The costs of going digital have decreased significantly over the past decade or so. What’s more, the savings thereafter are enduring. There are a number of digital x-ray solutions to explore. Why have many practices and clinics made the transition to a more digital x-ray solution?
- Increased diagnostic capabilities
- Increased productivity
- Increased workflow helping to optimize staffing levels
- Increase patient satisfaction and, potentially, recall
- Increasing quality of care provided
- Improved image quality – higher quality, higher resolution
- Lower radiation dose in support of ALARA
With today’s digital flat panel detectors (FPD), the need to digitize images in a Computed Radiography (CR) reader is erased. With DR technology, the image processing steps are removed so workflow efficiency is increased significantly. Inside the flat panel detector, a scintillator inside the panel immediately converts the x-rays into visible light, which is then converted into a digital signal to be displayed on a computer viewing station using a PACS (Picture Archiving and Communication System).
There are different ways to go digital, whether you’re upgrading from analog to digital or moving from CR to DR. Retrofits, for example, utilize DR panels to capture images. Therein, x-rays are absorbed in a phosphor screen layer. The x-rays are converted into visible light then, using a photodiode, the x-rays are converted into light photo-charges collected via active matrix thin film transistor (TFT) sensor of the flat panel detector, which creates a signal for each pixel. These signals are digitized and processed and sent to the acquisition workstation for viewing. From here, a PACS is utilized to display, distributed, and archive the digital images.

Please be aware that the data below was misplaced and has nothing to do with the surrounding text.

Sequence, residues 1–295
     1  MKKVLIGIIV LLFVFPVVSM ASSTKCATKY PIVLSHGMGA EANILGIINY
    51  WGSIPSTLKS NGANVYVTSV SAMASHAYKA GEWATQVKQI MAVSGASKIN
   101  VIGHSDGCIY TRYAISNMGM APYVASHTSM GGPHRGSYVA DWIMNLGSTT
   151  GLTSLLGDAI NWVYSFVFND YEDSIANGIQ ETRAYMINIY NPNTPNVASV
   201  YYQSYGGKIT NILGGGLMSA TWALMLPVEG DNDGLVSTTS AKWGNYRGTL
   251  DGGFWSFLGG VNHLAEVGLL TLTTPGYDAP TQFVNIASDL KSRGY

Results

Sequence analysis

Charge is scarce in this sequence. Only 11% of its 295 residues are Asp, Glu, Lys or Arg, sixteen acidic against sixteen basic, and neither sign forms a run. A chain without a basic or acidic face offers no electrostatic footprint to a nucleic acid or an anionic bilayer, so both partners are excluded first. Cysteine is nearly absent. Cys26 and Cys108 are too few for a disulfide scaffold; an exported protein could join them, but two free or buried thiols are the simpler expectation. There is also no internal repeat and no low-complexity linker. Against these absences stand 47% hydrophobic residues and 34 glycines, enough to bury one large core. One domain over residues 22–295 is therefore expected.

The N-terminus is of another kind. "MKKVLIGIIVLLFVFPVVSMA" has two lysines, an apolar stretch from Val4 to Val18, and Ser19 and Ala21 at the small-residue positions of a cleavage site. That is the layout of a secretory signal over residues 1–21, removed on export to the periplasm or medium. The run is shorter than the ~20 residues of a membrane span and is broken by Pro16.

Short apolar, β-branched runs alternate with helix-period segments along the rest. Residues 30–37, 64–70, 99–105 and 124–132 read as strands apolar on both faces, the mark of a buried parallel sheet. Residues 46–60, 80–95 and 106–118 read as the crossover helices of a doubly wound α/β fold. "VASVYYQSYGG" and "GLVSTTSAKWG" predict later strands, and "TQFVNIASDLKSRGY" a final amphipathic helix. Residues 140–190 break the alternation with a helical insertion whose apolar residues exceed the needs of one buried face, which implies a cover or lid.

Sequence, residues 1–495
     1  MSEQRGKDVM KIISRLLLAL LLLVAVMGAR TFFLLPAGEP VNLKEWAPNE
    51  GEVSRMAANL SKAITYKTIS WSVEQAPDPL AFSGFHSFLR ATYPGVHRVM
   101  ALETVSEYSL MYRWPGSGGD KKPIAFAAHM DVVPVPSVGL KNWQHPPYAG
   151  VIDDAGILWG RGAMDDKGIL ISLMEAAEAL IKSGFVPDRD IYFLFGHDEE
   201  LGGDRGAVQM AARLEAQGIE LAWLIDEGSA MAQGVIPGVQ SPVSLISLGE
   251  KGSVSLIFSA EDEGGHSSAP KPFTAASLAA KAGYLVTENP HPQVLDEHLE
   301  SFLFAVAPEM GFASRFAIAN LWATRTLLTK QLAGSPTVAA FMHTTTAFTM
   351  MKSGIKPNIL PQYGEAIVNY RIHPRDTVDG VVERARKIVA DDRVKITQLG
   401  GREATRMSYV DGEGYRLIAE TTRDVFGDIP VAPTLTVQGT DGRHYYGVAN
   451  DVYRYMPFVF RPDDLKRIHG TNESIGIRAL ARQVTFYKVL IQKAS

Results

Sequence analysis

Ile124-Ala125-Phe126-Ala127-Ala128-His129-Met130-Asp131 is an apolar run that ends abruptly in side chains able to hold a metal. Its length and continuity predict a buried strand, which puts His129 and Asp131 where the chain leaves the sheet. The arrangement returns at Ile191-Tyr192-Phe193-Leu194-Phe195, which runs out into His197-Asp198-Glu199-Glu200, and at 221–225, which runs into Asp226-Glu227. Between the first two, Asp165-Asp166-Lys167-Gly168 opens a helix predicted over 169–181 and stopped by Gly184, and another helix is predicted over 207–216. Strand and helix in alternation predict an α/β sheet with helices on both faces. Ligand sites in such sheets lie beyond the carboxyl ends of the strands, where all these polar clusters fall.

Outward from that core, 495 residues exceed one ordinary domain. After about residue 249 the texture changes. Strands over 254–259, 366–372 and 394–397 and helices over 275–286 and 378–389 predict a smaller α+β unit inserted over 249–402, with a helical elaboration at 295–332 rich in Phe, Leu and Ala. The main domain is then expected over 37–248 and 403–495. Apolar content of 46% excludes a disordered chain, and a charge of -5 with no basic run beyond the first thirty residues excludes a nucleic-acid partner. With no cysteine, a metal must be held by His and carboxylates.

In more stationary settings, such as a radiation room at a hospital, the solution may be equipped with floor-mounted x-ray tubes, ceiling-mounted x-ray tubes, and radiography/fluoroscopy DR systems. Analog mobile units can also be retrofitted with DR. Although they do come at a premium compared to tethered flat panel detectors, some healthcare professionals advocate for wireless digital solutions, which can more readily be moved to the ER, OR, ICU, or patient bedside. Wireless FPDs are also said to decrease hospital-acquired patient infection over tethered detectors.
Whether it’s fewer retakes with less exposure time, significantly reduced radiation dose, or eliminating a darkroom and the storage space of physical x-ray films, making the move to a digital x-ray solution can be beneficial in a number of ways.